Note: In Canada, neuroethics is principally concerned with legal and bioethical evaluations of neurotechnology. To my knowledge, these centers are not conducting research on the neurobiology of moral decision-making.

This list isn’t comprehensive, so make known in the comments any neuroethics or neurolaw programs.

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From the Wall Street Journal’s science pages today: Scientists Draw Link Between Morality And Brain’s Wiring, by Robert Lee Hotz.

Bringing medical tools to bear on moral questions, cognitive scientists are invading the territory of philosophers, theologians and clerics…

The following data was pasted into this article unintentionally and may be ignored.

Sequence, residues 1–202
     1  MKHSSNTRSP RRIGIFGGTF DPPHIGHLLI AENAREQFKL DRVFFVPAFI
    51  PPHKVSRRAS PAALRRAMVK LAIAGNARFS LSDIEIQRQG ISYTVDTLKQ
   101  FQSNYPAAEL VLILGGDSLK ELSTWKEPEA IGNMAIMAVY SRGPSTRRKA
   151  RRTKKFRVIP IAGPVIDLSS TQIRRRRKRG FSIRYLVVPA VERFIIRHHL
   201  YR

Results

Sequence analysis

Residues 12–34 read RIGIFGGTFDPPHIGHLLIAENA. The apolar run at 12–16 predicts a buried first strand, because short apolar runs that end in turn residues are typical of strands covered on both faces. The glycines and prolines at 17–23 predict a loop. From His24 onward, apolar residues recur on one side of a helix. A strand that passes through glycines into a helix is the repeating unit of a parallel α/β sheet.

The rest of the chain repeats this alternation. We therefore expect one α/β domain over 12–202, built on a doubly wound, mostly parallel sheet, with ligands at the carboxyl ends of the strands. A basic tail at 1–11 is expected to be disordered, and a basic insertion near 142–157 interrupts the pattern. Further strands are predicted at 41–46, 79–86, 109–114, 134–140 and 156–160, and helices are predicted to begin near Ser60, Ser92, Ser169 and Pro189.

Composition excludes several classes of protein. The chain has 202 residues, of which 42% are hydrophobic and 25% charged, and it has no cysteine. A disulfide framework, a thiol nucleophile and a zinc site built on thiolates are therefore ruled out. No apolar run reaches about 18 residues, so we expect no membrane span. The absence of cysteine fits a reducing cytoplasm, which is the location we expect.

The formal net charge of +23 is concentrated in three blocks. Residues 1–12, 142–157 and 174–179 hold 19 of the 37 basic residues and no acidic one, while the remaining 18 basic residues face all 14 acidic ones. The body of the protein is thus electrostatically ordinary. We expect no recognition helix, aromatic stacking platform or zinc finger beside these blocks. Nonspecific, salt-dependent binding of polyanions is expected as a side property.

The article covers a lot of ground, with mention of Marc Hauser, John Mikhail, Michael Koenigs, Joshua Greene, Antonio Damasio, and Liane Young. While much of it will be familiar to anyone interested in neuroethics, the following caught my eye:

Trust is a measure of neuropeptide levels, while fairness is an electromagnetic pattern in the right prefrontal cortex. Disrupt it with a strong magnet, as did University of Zurich researchers in 2006, and any sense of fair-dealing fades away like a radio station subsumed by static.

And I thought magnets were only good for creating feelings akin to religious experience

Looking for background on this piece led me to a good set of papers, archived at Liane Young’s list of publications – essential reading for anyone interested in empirical studies of moral decision-making.